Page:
When it comes to operating a profitable and growing business, a sound understanding of finance is something that’s pretty much an essential qualification. Businesses don’t appear out of thin air, and there’s often a heavy upfront cost involved – from loans to investment capital, there are a lot of financial questions to be answered. As the business grows, there are also ongoing costs. From calculating profit and loss to checking that the accounts are all in order, running a successful business really does require a substantial amount of financial know-how.
The costs involved in setting up a business in the first place are pretty large. Whether you’re taking out rental contracts on new premises or you’re planning to hire some staff to get the business off the ground, there’s a lot associated with launching a firm. As a result, you’re likely to find yourself in a position where you need to access capital.
Different entrepreneurs approach this in different ways. Some people decide that the smart move for them is to offer to sell a part of their company to an investor in exchange for some much-needed ready cash. Others decide to take out a loan. Either way, you’ll need to make sure that you’re able to accurately assess all of the different options in a numerical and quantitative way – otherwise, you may find yourself unable to stay on top of it all.
Even once the start-up costs are covered and you’ve moved on to making a profit and actually running your business, there’s yet more financial business to think about. You’ll need to ensure, for example, that you stay on top of your profit and loss records: whether you’re applying for further investment or simply working out how much your dividends are likely to be worth, you’ll need to know the right sums to perform. This is the sort of task that long-time entrepreneur Brian Weal performs, and it’s something that needs to be done on a regular basis in order to keep on top of business developments.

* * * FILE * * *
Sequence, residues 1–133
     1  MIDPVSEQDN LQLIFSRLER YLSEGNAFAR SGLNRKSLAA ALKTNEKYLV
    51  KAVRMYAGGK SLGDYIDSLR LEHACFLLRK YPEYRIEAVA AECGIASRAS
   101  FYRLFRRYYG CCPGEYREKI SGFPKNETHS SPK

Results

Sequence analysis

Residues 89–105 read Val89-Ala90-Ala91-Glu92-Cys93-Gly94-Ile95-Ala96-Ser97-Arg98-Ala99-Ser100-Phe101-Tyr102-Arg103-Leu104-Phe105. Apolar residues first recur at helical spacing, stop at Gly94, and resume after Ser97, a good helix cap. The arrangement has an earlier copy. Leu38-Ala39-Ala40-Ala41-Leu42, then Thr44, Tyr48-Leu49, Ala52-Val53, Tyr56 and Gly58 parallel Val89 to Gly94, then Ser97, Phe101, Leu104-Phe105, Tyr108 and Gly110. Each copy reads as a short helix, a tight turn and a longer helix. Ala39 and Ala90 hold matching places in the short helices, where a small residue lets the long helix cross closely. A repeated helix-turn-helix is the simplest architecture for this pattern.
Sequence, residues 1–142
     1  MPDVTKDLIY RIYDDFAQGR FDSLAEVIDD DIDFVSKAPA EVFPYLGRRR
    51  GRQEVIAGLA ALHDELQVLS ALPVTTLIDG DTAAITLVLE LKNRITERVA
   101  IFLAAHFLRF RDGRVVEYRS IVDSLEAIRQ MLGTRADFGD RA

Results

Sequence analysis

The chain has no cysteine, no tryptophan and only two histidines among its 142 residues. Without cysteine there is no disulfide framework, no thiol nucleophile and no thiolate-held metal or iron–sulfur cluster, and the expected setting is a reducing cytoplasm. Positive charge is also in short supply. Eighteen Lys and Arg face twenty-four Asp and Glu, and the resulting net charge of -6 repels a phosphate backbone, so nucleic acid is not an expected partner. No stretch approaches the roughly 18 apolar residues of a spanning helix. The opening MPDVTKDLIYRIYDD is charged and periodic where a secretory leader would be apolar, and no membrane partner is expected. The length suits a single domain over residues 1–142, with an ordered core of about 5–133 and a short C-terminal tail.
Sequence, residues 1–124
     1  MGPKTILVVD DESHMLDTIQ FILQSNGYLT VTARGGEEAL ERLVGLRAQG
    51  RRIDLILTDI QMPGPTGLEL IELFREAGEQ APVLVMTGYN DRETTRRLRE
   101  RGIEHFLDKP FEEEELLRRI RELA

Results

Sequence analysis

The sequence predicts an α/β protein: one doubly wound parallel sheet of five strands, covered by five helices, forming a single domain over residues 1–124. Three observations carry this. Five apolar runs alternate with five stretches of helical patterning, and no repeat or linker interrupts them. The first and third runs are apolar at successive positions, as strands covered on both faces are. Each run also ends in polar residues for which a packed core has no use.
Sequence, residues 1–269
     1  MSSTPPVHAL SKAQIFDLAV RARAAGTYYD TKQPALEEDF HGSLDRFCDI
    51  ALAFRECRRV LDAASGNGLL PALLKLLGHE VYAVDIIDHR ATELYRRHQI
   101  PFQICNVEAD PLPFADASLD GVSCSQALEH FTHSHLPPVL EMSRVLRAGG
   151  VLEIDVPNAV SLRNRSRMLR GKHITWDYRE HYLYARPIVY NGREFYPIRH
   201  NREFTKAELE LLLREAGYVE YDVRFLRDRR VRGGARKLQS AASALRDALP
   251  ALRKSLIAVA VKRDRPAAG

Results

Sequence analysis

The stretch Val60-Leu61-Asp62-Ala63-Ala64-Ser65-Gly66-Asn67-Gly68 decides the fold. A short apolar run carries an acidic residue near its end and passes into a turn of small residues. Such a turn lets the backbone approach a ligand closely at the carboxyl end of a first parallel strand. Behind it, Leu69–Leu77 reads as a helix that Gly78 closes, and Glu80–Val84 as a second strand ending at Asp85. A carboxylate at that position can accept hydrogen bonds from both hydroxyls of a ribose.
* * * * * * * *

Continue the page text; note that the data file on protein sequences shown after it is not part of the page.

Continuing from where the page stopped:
Not only does this kind of behaviour make good business sense, but it’s also the law. As is the case in most developed economies, the UK requires companies that operate here to perform regular financial reporting tasks. Every year, limited companies might need to do everything from producing a statement of capital to paying any owed tax – and if you don’t have a strong grasp of financial principles, then you might not be able to either carry out or supervise this.
If you’re running a business, then there’s a lot to think about. From market research to the hiring and firing process, you’ll always be kept on your toes. However, it’s essential that you think about the financial aspect of the business. By being financially savvy, you’ll be able to ensure that your firm has everything from the satisfaction of its legal requirements to a profit-focused strategy in place. If you don’t have the financial skills you need to do this, then the time to start learning is now.